Merville Reflections

Merville, reflected Merville, reflected. (It rained, nearly perpetually.) 

Ah Merville. I had mixed feelings as our coach departed. On the one hand, I was keen to return to normal life (with freely-chosen food, more friends, and consistent internet); but on the other, I was sad to leave a place that I’ve now spent 3 weeks of my life in. It seems St Mellitus will return to Merville next year (despite much room-sharing), but as a soon to be ordained ordinand, I will not be among them.

St Mellitus is virtually the only theological college in the Church of England to provide full-time ordination training in a non-residential context. It’s therefore slightly ironic that the highlight of the year for many students is the week we spend in a monastery, being as much like a residential college as is possible in rural France. Chapel every morning before breakfast and every evening before dinner; eating meals together; eating one meal in silence (while the sermons of St Augustine were read aloud); living alongside one another on corridors with fire doors that bang really loudly; awakening each morning to the sound of your neighbour’s footsteps echoing really loudly; and having the kind of fun in the evenings that only trainee vicars letting their hair down can have…

DeanoThis screen-grab is from the only video of my only appearance at St Mellitus open-mic night. It’s a private video so I can’t share it, plus it didn’t manage to capture the whole song. (I’m hoping we might repeat it at some point, so we can get the whole thing.) The above crew worked together to produce a parody of The Lumineers ‘Ho Hey’, that became a ballad of how our Assistant Dean was plotting to overthrow the Dean – who we affectionally call ‘Deano’, which would be the word we’re all singing at this particular moment. (Assistant Dean is now known as Ass. Dean, which is unfortunate.)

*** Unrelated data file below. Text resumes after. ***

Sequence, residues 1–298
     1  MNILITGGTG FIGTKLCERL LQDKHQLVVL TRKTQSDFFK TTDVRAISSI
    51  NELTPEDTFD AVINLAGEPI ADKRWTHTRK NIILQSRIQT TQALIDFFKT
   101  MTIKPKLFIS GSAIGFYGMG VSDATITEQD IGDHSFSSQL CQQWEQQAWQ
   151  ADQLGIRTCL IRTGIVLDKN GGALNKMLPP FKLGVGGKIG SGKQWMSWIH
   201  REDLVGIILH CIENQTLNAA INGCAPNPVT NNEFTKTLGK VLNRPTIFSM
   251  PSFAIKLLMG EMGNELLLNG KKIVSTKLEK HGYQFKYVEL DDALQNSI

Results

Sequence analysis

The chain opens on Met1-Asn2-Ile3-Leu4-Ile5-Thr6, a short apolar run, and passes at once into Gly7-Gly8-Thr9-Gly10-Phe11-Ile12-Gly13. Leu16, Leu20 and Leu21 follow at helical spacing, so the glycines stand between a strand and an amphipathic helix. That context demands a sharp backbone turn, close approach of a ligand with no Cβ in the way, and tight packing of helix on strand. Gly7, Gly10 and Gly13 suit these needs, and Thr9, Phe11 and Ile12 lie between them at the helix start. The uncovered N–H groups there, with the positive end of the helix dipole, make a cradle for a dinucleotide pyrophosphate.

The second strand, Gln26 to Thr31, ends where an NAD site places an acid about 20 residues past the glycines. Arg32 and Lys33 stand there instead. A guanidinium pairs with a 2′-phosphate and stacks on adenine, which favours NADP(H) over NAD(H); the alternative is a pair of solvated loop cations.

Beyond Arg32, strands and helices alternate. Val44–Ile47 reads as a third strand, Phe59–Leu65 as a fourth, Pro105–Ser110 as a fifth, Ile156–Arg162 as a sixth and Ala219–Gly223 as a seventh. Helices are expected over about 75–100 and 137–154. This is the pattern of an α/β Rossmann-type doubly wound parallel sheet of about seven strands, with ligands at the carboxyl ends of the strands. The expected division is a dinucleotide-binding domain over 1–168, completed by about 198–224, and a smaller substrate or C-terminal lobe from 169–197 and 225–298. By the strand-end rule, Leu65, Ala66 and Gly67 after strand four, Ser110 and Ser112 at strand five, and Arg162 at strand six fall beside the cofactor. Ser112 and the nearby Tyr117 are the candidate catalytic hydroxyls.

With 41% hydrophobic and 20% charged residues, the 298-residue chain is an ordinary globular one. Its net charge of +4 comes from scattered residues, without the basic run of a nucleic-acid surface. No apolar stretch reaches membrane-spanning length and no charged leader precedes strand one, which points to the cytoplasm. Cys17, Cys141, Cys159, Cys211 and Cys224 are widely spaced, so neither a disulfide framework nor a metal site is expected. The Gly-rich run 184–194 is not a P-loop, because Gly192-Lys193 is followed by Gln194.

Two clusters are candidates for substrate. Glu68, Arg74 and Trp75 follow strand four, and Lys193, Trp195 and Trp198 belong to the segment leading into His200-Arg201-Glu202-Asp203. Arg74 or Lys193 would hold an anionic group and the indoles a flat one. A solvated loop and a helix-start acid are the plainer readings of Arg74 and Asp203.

In actual fact, our residential week is probably a lot more intense than a typical week in a residential college. For a start, there is next to no free time (apart from after dinner and one free afternoon), whereas you’d usually have time to do things like write essays, prepare sermons and visit churches. Secondly, even the married students are onsite. (This is a good thing, as otherwise all but two of my friends wouldn’t be around.) Thirdly, so are the tutors. (This is an especially good thing when one of your tutors brings with them an excellent card game that you become practically undefeated in.)

It’s a good job it only lasts a week! I wouldn’t miss it for the world, but it has got to be said that the level of exhaustion after 7 days of continuous vicar school is on another level. Not to mention just how peopled-out this introvert gets when the amount of time she can spend by herself is strictly limited. Although, one element of the exhaustion would be my own fault – given my commitment to rising at 6.30am (an hour before non-compulsory pre-morning prayer eucharist) in order to run; have early breakfast so that work could be completed; or walk to the boulangerie for croissants. I saw a lot of Merville in the dark and as dawn broke…

Before and during the dawn, Merville The church and civic hall before dawn (which finally broke at 7.30); the cemetery and canal as light began to appear.

Talking of the boulangerie, my reconnaissance mission to check its opening times and quality led me to have possibly the most appropriate pastry treat anyone at vicar school in a monastery could have:

Une Religiose GBBO fans will obviously recognise this as une religieuse – the pastry shaped like a nun. (Coffee flavour.) Recipe here.